“Bite-Size Bits of Local, National, and Global History”
“Bite-Size Bits of Local, National, and Global History”
Morgan Hill in Santa Clara County, California — The American West (Pacific Coastal)

The Granary

Our History

The Granary Marker image. Click for full size.
By Barry Swackhamer, August 9, 2011
1. The Granary Marker
[Photo captions:]
Far left:
A Granary in Kashan, Iran; The Henninger Tower, built by Henninger Brewers to hold its barley is the tallest silo in the world at 384 ft.

Lower left:
[The recipes for Mineral Mix and Calf Mix.]

Right center:
105 tons of steel recycled off site; 50 cubic yards of concrete recycled on site.
What is a Granary?
A granary is a storage facility for grains. Granaries have been built from ancient times, with the oldest granaries dating back to 9500BC! Originally, they were carved into the ground or rock, or made of clay. Modern granaries were invented in the late 19th century with the invention of the silo. Today, the world’s tallest silos are almost 400 feet tall!

The Isaacson Granary
The Isaacson Granary provided feed to the many cattle ranchers and dairies around the area. Here, they made special mixes of cattle and calf feed, such as calf mix, steer mix, and dairy mix. Below are two of the many unique recipes that were commonly mixed here. You can see the grain scale where the ingredients were measured by the rest rooms.

Who We Are
Weston Miles Architects
Founded by Charles Weston and Lesley Miles, Weston Miles Architects has contributed their considerable expertise to numerous civic projects, residential projects, educational facilities, and historic renovations in the Bay Area. Committed to sustainability
The Granary Marker image. Click for full size.
By Barry Swackhamer, August 9, 2011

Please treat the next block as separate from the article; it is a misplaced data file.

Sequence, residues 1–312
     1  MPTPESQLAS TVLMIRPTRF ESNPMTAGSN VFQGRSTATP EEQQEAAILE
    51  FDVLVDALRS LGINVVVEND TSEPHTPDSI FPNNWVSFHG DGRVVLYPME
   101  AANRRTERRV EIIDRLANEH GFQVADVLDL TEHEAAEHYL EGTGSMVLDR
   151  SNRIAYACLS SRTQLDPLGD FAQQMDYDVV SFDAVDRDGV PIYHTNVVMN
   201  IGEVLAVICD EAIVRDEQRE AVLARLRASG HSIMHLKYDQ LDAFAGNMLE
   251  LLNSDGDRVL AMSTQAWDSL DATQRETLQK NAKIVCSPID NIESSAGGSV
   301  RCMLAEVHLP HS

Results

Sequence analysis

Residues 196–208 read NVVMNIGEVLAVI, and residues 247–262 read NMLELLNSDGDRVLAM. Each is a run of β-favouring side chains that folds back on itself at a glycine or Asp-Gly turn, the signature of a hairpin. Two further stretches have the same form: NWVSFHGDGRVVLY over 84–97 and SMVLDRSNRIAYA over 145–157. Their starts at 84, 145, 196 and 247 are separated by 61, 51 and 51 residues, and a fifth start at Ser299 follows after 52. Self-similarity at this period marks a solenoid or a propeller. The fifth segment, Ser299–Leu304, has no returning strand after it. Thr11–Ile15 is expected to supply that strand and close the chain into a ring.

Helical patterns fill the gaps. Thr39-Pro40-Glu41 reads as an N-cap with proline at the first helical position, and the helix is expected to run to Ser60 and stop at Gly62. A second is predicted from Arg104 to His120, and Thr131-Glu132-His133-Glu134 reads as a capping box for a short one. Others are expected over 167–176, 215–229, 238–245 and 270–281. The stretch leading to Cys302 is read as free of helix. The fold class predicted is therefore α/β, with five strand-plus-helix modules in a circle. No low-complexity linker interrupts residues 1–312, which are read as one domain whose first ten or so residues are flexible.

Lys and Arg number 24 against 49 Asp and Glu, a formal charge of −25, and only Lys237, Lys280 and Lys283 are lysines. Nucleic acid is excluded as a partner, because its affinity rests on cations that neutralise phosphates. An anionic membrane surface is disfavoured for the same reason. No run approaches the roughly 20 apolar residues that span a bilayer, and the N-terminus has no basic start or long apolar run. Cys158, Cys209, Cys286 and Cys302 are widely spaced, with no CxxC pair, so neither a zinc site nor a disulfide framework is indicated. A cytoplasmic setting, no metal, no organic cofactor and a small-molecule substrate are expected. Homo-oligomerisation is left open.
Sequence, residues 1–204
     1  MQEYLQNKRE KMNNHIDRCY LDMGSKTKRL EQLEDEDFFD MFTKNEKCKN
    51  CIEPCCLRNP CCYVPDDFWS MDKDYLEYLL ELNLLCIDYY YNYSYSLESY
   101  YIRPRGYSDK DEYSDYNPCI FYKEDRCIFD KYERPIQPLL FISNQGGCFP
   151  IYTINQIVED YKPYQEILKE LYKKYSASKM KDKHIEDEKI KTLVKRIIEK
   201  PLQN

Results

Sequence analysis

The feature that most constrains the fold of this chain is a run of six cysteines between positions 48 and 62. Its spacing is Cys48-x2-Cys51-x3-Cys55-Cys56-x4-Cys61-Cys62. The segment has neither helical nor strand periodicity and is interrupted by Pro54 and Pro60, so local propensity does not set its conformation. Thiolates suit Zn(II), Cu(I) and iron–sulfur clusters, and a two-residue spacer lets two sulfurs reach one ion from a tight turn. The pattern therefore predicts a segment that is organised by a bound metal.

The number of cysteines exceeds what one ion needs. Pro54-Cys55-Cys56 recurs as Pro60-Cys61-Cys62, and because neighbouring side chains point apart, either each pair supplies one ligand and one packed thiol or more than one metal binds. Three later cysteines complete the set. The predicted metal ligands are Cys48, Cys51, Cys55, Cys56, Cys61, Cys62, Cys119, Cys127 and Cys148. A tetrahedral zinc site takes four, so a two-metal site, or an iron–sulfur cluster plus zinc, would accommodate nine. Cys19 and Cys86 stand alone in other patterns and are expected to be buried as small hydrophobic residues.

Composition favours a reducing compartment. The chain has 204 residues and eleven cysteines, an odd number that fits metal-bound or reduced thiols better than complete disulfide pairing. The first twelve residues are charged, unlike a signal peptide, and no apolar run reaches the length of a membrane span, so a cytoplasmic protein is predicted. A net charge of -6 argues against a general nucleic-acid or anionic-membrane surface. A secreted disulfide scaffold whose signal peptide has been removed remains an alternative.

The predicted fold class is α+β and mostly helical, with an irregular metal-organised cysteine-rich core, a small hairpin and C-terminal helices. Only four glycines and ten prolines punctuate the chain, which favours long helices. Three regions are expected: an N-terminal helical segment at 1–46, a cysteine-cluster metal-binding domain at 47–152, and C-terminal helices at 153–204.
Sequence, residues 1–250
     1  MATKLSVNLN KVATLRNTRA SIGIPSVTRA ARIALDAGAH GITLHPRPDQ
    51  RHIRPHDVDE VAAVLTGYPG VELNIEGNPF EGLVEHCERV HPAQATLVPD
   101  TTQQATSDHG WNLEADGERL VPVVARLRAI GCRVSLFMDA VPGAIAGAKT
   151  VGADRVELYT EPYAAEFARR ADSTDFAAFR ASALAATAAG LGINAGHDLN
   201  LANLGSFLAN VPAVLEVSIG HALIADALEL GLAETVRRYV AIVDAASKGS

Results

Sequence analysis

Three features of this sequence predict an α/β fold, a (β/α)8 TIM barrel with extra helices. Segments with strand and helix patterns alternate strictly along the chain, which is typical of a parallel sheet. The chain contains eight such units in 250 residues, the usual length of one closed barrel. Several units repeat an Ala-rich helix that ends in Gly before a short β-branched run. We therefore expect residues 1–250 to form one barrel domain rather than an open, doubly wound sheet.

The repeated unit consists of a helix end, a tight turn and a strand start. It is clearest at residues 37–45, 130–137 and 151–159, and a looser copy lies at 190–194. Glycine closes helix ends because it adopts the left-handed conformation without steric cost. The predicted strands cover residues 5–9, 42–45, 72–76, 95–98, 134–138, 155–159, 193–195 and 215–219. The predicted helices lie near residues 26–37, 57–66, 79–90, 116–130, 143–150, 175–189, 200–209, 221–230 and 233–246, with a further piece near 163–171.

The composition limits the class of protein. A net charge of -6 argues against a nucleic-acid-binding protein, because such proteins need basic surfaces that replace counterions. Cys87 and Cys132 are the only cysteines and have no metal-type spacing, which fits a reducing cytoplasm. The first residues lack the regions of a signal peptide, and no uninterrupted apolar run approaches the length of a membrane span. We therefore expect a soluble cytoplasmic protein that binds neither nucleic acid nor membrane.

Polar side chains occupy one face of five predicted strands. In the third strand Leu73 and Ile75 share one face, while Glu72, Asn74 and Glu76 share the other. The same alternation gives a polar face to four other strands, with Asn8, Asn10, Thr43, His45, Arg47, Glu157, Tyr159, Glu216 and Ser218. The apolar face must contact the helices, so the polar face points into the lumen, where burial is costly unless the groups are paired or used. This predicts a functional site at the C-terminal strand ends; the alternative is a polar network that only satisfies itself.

2. The Granary Marker
and to the community, WMA designed the first LEED certified school in California and has been an active member of the Morgan Hill community for 22 years, WMA acted as designer and developer in the renovation of the Granary.

Visit the Granary website at to learn more about sustainable building

Designing for Sustainability
Sandwiched between the railroad tracks and Downtown, the old Isaacson Granary was the most prominent reminder of the area’s once preeminent agri-business. As populations grew and Santa Clara Valley evolved into Silicon Valley, the industrial businesses based around the Granary and the railroad tracks slid into non-use and decay, and the Granary became a derelict monument to a bygone era.

The Granary redevelopment preserves this piece of the City’s agricultural past, while providing a “gateway” project at the northeast entry to the downtown. Adjacent to the train depot the building is now home to Weston Miles Architects, a community space, a restaurant, and additional offices. The redevelopment focused on sustainable design, a core tenet of WMA.

Renovating the granary involved more than simple redesign. Great care was taken to preserve the building's integrity and character while developing it into an integrated structure that
The Granary image. Click for full size.
By Barry Swackhamer, August 9, 2011